The 5 Tool Woodshop
Every woodworking task can be done lots of ways. Which means almost every woodworking project can be done with just a few tools. I go over the 5 power tools needed to make almost any woodworking project. I also mention a few non-woodworking tools that I use a LOT in my woodworking.
My favorite description of woodworking goes something like this..
“Woodworking is taking pieces of wood, making them smaller, then making them bigger, just to make them smaller again.. over and over.”
The 5 Power Tools:
Drill/Driver (Really two tools, but it’s the 21st century.. buy a combo kit, nobody should be driving screws with a drill anymore)
It’s coy, but actually fairly accurate. As far as the “making into smaller pieces” goes, that’s the cutting. And when we cut wood down, it’s one of two ways. On a (hopefully) straight line, or a curve.
Power Tool 1: Circular Saw
When it comes to affordable power tools that cut straight lines, the circular saw is king. If tools with dozens of crazy sharp spinning teeth intimidates you, consider a mini version like the new Dewalt Atomic Circular Saw. What it lacks in size, it does not lack in power (thanks to it’s brushless motor) and it still has the capacity to buzz straight through any plywood or 2”x material in your way.
If you need super straight cuts, you can make a guide for the saw to run along. And if you don’t mind repetitive cuts and have a chisel, you can even make half laps, rabbets, and dados with a circular saw.
Power Tool 2: Jig Saw
With only a circular saw though, you’re going to be stuck if you’ve gotta cut an inside corner or a curve. That’s where a jigsaw like the Ridgid Octane Jig Saw comes in. With it’s short reciprocating blade it’s easy to cut curves, tackle inside corners, and if you drill a hole a drop the blade into, you cut “in the field” of any piece.
Of course there’s nothing stopping a jigsaw from cutting straight lines too. But due the blade’s size there isn’t much holding it true. Trying to strike a straight line with a jig saw brings to mind viral Facebook videos of field sobriety tests. It requires immense focus and yet the results are still a bit lacking.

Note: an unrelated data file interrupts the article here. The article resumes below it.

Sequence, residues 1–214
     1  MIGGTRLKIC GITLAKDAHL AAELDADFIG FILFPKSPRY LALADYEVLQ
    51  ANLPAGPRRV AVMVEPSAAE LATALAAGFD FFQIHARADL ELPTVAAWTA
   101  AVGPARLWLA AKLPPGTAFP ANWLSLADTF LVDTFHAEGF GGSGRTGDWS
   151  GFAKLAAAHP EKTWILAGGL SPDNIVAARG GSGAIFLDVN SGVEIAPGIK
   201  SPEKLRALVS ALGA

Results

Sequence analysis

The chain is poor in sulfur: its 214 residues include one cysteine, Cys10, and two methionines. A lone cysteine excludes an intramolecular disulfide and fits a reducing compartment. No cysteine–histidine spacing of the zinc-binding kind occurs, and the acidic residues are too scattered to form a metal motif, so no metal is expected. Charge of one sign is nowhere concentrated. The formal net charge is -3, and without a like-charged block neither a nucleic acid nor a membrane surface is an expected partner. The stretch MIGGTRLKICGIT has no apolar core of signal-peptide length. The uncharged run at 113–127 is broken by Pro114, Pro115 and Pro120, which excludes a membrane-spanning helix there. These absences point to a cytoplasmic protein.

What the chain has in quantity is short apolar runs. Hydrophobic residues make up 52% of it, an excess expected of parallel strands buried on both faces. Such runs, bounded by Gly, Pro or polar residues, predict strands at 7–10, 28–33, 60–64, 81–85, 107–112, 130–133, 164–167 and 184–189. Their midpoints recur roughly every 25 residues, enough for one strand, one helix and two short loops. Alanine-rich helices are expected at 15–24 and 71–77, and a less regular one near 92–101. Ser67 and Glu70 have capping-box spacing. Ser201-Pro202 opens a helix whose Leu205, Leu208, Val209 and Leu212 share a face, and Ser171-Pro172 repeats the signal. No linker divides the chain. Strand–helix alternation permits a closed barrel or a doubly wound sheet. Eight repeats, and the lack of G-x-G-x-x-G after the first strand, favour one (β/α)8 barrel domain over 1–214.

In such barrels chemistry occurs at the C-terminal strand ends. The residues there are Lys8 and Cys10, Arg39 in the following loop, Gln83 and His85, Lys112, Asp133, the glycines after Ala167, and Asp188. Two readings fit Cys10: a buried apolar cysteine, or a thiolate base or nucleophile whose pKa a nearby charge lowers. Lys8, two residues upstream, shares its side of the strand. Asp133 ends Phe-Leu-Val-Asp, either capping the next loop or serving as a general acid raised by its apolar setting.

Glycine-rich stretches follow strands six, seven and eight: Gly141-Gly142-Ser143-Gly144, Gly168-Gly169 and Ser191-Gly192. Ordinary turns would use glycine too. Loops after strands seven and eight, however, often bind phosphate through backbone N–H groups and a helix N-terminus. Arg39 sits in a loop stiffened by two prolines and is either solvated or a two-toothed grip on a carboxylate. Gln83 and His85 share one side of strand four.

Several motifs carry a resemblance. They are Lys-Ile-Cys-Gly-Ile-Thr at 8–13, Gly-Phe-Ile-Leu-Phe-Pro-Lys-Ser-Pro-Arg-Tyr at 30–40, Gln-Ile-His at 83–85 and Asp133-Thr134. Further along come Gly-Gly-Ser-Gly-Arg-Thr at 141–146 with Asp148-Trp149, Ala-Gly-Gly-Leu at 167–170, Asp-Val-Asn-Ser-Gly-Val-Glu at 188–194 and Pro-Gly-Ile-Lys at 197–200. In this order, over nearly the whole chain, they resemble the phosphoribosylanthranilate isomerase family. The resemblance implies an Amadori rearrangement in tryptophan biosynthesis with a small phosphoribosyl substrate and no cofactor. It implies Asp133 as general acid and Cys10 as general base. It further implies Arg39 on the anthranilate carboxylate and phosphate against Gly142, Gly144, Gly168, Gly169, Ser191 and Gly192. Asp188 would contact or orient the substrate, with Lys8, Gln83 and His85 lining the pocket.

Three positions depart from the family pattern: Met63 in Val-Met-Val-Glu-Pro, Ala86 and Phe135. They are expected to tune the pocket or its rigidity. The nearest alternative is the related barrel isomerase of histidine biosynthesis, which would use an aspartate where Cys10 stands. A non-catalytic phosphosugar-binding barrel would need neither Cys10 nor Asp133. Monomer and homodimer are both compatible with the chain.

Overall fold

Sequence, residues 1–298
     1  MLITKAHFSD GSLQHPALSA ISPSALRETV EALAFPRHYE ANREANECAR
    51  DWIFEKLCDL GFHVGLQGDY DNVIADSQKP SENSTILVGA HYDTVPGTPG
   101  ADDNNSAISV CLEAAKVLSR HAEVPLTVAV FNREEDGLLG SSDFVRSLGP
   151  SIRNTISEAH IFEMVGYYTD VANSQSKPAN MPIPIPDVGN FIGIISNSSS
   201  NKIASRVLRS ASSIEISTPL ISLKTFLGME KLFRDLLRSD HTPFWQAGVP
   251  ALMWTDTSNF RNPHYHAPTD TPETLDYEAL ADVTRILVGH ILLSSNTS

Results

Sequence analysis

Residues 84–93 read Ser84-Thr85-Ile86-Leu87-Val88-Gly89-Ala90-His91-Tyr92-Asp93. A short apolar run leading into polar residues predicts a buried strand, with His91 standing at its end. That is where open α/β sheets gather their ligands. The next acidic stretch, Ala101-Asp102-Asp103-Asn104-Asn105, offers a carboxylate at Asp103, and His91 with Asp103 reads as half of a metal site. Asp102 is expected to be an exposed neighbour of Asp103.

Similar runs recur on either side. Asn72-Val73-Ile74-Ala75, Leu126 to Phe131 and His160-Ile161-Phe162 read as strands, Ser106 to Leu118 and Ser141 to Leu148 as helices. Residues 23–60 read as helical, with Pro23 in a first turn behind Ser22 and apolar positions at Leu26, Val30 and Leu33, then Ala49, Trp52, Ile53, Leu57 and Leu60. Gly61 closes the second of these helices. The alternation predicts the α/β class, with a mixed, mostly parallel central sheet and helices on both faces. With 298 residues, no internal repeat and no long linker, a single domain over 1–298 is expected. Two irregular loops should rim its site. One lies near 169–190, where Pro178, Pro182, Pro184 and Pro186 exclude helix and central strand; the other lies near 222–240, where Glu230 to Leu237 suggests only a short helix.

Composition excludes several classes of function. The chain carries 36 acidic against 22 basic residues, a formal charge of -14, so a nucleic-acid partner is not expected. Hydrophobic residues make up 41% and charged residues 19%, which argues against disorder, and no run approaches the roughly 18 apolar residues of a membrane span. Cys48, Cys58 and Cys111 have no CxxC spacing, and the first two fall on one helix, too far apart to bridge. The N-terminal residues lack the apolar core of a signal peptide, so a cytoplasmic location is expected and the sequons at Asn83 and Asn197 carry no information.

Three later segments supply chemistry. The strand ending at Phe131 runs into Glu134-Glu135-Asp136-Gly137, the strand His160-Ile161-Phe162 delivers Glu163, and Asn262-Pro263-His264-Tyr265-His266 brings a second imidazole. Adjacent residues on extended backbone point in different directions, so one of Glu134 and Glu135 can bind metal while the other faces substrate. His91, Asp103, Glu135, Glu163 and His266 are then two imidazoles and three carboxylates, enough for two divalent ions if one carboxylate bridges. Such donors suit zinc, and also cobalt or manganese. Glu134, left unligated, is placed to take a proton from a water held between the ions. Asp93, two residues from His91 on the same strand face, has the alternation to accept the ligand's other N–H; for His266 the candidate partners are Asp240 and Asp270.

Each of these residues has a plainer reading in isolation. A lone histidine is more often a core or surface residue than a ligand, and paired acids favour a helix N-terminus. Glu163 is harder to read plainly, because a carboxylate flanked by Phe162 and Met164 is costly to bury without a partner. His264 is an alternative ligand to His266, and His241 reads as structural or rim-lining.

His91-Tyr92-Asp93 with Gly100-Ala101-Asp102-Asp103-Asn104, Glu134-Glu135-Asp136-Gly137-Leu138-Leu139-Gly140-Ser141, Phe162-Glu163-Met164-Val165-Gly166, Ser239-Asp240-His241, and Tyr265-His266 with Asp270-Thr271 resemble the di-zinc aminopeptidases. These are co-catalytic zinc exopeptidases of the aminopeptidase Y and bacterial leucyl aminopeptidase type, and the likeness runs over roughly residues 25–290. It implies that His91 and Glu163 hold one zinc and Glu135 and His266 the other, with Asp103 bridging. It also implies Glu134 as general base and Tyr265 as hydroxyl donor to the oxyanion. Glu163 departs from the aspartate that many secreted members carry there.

I have a bandsaw in my shop, but when the piece is too large to fit, I turn to the jigsaw. The other time my jigsaw sees the most use is breaking down rough stock. Rough material often has a lot of tension in it that can pinch circular saw blades causing dangerous kick back. That’s not as much a concern with the jigsaw’s short blade.
Power Tool 3: Drill/Driver Set
Okay okay, I know, they’re two different tools. BUT, you can drive screws with a drill. And there are hex shank bits that fits drivers. So you only need one of them. But once you have both, you won’t go back. There’s a reason every brand sells them as combo sets and the Dewalt Atomic Compact Drill/Driver set is a solid choice with their light weight compact design and brushless motors.
Why separate tools? Well, drills excel at drilling. They’ll drive screws as well but once the screw starts encountering resistance it’s more likely the driver bit will strip the head of the screw than keep screwing it in. Impact drivers work similar to the impact wrenches you’ve heard at any tire shop. If there’s no resistance they drive freely but once torque is required the impact part kicks in and instead of a smooth rotation it starts hammering. Think turning a wrench by hand versus hitting the end of the wrench with a hammer.
That impact action helps drive screws through stubborn situations. But, is less than desirable when drilling holes. So even though some drill bits will go in an impact driver, it’s best to keep them in the drill.
The other benefit of having both is just speed. It’s also best to drill pilot holes before installing fasteners. With a bit in the drill and a driver bit in a driver, it’s quick and easy to drill and drive as needed without switching bits. Not that switching bits is that slow, it’s more the finding your bits when they roll away every time you set them down that becomes time consuming.
Power Tool 4: Router
It’s possible to build tons of projects without a router. But if you want to be able to build almost anything with just 5 tools, it’s the router that changes the game. How, why?
Besides making edge treatments like round overs, chamfers, and ogees a lot faster and more consistent, it opens a new world of joinery. With a router and some shop made jigs you can start cutting mortises, rabbets, dados, splines, dovetails, box joints, and edge jointing.